A 3-year pilot program that rewarded oncologists for improving outcomes and efficiency—rather than administering drugs—significantly reduced overall costs without lowering quality of care.
Delivering patient-centered care and engaging in shared decision-making should be top priorities for oncologists responding to the current crisis in the quality of cancer care delivery, according to a recent Institution of Medicine report.
The American Society of Clinical Oncology (ASCO) today issued its second “Top 5” list of tests and treatments that are routinely used by oncologists despite a lack of evidence that they are cost effective or beneficial to patients.
ACOs can provide the structure, but it’s up to the stakeholders to establish mutually agreeable goals for this new care delivery model. Achieving these goals will require a different set of dialogues and conversations among stakeholders, and patients and their advocates must have seats at the table.
We examine efforts to correct cost inequities of oral anti-cancer agents through legislation, and we look at further efforts to reduce the cost of oral chemotherapy via cycle management and waste reduction.
Most community cancer centers are only beginning to measure quality of care and are struggling with the challenge of collecting data while adding services and keeping costs in check, concluded a recent survey by the Association of Community Cancer Centers (ACCC).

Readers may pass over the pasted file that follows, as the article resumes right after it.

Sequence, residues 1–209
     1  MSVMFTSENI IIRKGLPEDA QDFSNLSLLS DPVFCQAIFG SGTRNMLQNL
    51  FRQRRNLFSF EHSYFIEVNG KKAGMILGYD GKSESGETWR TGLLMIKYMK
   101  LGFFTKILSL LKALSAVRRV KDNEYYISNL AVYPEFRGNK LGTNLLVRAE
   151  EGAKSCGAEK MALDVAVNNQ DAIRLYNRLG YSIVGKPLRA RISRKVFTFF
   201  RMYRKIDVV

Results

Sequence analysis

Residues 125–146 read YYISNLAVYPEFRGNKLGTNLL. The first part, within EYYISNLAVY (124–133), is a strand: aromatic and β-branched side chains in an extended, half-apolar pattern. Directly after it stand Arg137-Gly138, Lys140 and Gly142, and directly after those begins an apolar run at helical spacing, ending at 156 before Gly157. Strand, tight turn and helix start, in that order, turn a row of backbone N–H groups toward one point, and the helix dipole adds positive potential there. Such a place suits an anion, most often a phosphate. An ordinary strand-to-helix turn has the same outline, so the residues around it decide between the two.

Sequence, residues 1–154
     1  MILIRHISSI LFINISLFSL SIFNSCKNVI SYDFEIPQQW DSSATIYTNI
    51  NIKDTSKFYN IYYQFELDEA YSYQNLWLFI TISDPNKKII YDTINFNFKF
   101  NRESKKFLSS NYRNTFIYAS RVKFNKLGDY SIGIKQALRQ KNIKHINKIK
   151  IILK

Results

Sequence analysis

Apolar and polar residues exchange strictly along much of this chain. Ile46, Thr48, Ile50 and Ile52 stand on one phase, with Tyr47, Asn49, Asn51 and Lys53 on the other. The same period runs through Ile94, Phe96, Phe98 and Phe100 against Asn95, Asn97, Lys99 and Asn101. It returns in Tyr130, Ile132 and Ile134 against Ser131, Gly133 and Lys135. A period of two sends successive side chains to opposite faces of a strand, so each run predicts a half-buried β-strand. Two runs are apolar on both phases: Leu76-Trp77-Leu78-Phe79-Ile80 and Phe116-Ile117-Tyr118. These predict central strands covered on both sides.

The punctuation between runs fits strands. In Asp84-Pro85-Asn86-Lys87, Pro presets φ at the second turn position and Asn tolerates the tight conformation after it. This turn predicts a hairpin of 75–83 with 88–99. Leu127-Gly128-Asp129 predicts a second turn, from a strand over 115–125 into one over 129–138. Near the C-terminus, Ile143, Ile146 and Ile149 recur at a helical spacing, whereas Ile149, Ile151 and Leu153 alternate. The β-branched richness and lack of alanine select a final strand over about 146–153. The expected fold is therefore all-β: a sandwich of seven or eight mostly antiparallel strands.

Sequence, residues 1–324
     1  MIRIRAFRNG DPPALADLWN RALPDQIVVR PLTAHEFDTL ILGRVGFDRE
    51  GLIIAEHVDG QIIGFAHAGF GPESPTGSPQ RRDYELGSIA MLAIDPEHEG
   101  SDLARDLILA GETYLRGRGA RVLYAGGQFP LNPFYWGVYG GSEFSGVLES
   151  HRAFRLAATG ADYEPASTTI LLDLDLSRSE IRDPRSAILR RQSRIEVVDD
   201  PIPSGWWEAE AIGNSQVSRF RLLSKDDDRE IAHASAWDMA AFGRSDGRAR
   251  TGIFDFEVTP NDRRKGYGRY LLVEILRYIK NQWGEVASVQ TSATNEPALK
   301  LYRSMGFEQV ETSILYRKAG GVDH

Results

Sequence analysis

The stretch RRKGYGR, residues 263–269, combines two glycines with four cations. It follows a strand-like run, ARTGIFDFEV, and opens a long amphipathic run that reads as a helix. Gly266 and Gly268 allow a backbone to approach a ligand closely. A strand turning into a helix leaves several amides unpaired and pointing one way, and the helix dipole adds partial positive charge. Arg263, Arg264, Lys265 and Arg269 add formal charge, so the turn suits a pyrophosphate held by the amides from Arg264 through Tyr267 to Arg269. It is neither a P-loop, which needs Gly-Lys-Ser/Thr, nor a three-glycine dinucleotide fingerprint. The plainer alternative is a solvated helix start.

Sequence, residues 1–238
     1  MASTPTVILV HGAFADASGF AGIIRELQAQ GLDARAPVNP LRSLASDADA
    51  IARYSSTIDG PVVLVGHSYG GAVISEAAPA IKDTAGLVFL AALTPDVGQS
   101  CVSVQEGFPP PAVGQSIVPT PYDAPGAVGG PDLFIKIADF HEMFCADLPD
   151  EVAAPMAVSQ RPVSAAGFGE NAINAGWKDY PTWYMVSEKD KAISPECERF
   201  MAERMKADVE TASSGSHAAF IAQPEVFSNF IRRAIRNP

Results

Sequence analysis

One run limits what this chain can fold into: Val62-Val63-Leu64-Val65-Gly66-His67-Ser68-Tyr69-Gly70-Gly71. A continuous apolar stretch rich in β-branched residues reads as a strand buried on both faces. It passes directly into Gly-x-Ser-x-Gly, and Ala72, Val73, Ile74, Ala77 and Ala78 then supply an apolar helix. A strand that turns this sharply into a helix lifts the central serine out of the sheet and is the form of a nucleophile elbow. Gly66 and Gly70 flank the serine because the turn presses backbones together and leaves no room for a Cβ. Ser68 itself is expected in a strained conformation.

The Center for Medicare and Medicaid Services is inviting physicians to comment on a proposal to make individual physician payment data accessible to the public.
A group of cancer and other healthcare advocacy organizations applauded a provision in the Affordable Care Act that requires private insurers to cover the routine medical costs of patients participating in clinical trials. However, many of those patients will continue to face roadblocks to participating in trials unless the federal government provides clear guidance on implementation, the groups said in a recent letter.
Developing an effective personal and professional self-care plan can help oncologists deal with the pressures of caring for terminally ill patients and potentially prevent burnout, a recent study suggests.
Now is a critical moment for all involved in caring for cancer patients to engage in this national policy debate; numerous cancer advocacy organizations have already joined the effort to oppose the sequester cuts to oncology drugs.